Reference Material for Translations
When a client approaches a translator, or translation agency, asking for a financial or personal document, technical manual, architectural documents, marketing collateral etc. to be translated, the translator will probably ask for some reference material.
So, What Is Reference Material?
Any other content, or previously translated material that translators can use as a reference or style guide, is referred to as reference material by a translator. Having good reference material ensures that the source document will be translated accurately and, more importantly, it will be translated specifically the way the client requires.
Poor Quality Translations
In this post, we’ll discuss the fine line that exists between poor-quality translations and translations that are completed without the use of proper translation tools. There are several variables that determine the outcome of a translation. Generally, the more obvious reason for a poor translation is due to the translator’s lack of knowledge of the language or the specific subject; or even the conceptual idea behind the original text. In this example, remember that the translator is usually a native of the target language and not the source language.
Translators Must Have Good Translation Tools
The other reason for poor quality translations is when translators are not provided with the right tools, thus turning their job into a guessing game rather than a confident, professional translation. There may be specific terminology that’s preferred, or commonly used, in the company or in the industry. Additionally, it might be that some phrases or terms are more accepted than others depending on the dialect or target audience. Therefore, what can be seen as a translator’s lack of understanding of the content or a lack of their capabilities, is simply the lack of a proper guide, or just their personal preferences.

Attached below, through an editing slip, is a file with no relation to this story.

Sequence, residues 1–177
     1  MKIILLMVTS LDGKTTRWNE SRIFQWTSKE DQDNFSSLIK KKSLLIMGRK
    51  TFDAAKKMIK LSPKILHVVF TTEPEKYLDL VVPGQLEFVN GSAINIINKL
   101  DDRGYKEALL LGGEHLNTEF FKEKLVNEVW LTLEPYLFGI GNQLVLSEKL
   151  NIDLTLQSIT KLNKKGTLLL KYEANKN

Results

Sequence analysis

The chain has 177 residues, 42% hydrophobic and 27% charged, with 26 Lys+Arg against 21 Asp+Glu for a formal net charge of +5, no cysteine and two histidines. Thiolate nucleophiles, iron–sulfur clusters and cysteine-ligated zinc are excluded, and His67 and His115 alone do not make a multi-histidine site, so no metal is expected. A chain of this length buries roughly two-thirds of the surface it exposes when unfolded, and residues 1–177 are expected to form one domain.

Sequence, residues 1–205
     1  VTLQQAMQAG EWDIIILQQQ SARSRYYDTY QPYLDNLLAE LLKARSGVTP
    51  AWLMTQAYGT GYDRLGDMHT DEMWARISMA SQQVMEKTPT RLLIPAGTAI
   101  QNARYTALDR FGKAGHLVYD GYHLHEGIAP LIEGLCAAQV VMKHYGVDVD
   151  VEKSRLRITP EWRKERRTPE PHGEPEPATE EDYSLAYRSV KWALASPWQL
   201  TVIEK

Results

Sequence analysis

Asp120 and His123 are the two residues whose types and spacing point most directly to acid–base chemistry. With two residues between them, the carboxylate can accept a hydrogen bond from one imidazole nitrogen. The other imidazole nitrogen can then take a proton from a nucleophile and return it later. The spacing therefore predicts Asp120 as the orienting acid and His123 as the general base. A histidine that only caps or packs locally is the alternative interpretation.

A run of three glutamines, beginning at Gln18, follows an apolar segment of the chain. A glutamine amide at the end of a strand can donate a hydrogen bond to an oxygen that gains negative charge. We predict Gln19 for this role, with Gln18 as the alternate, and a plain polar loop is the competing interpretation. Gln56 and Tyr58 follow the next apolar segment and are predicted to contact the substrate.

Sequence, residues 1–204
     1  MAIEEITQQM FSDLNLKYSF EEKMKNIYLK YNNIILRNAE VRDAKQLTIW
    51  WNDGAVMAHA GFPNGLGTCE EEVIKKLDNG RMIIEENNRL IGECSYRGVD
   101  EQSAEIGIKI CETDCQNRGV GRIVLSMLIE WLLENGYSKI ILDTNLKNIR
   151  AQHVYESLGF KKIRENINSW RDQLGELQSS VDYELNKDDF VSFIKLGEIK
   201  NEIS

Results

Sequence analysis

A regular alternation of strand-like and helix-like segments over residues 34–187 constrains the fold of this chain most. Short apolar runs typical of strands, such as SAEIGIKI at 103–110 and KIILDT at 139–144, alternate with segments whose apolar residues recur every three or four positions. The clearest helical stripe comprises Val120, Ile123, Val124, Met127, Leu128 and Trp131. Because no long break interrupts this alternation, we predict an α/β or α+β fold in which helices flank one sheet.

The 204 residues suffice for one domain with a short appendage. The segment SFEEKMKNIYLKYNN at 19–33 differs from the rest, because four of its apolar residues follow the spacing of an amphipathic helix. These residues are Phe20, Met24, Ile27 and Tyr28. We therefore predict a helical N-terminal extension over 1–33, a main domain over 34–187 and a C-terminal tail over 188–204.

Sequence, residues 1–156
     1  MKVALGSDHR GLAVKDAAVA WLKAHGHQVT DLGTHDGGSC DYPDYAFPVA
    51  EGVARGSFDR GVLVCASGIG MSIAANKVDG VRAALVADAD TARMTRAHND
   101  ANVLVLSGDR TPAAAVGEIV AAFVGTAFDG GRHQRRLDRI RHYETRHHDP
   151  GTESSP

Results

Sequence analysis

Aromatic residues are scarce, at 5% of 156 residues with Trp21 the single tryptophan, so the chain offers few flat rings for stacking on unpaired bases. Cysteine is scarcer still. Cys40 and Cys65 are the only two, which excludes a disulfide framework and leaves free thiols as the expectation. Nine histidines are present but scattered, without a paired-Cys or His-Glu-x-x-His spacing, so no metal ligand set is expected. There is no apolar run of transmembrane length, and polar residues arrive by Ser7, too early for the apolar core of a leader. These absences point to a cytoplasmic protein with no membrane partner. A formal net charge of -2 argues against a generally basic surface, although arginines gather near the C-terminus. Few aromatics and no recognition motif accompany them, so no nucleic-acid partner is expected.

Reference Material and Glossaries
If a client has a document to be translated, and it’s a technical translation text which may prove problematic for the translator, there are two simple solutions to rectify the situation so both parties achieve the desired result – a glossary, and/or reference material.
- Reference material refers to any previously translated material that’s similar in style and/or content; and
- A glossary is a detailed list of terms selected by the translation agency or the client. A glossary helps the translator maintain accuracy and consistency during the translation and editing processes. If a client chooses not to offer a glossary, one can be created by the translation agency, or the translator, subject to the client’s approval. It’s true that the creation of a glossary does take extra time which converts into additional costs; however, the payoffs far exceed the outlay, particularly if there are future translation projects.
Obviously, both the translator and the client strive to achieve positive results, as opposed to problems and disagreements. That’s why communication is so very important – it creates transparency between the agencies processes and the client.
There’s a common misconception that when a mistranslation occurs, it’s the result of hiring translators who are lacking in skills or knowledge. This is generally not the case when professional translators are used. Sometimes, even an experienced, professional translator requires a little additional information to accurately complete a translation.